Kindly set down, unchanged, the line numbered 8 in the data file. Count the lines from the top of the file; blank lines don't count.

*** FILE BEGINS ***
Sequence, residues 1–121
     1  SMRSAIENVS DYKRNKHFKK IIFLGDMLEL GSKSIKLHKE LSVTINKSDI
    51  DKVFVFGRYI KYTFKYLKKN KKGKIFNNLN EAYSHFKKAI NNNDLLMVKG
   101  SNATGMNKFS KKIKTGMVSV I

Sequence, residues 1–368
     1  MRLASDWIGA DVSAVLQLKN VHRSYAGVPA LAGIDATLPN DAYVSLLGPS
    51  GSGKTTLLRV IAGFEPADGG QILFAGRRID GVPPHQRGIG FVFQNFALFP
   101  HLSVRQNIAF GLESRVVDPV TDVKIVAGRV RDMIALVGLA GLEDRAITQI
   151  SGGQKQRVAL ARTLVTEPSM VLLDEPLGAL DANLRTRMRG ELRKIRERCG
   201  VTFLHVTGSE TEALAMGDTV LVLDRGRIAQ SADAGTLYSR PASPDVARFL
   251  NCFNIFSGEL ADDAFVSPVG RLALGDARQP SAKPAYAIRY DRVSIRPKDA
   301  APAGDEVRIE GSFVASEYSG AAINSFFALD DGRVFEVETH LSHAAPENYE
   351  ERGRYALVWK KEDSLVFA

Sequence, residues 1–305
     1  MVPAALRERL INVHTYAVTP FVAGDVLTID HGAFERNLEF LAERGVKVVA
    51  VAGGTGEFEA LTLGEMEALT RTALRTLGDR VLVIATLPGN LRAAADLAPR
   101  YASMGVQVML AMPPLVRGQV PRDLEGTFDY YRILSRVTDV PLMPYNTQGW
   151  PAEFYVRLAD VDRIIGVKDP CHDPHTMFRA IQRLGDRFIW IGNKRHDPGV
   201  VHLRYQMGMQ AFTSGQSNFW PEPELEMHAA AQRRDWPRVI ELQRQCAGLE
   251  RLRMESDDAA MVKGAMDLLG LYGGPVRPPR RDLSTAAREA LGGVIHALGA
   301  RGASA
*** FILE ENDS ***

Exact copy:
   101  HLSVRQNIAF GLESRVVDPV TDVKIVAGRV RDMIALVGLA GLEDRAITQI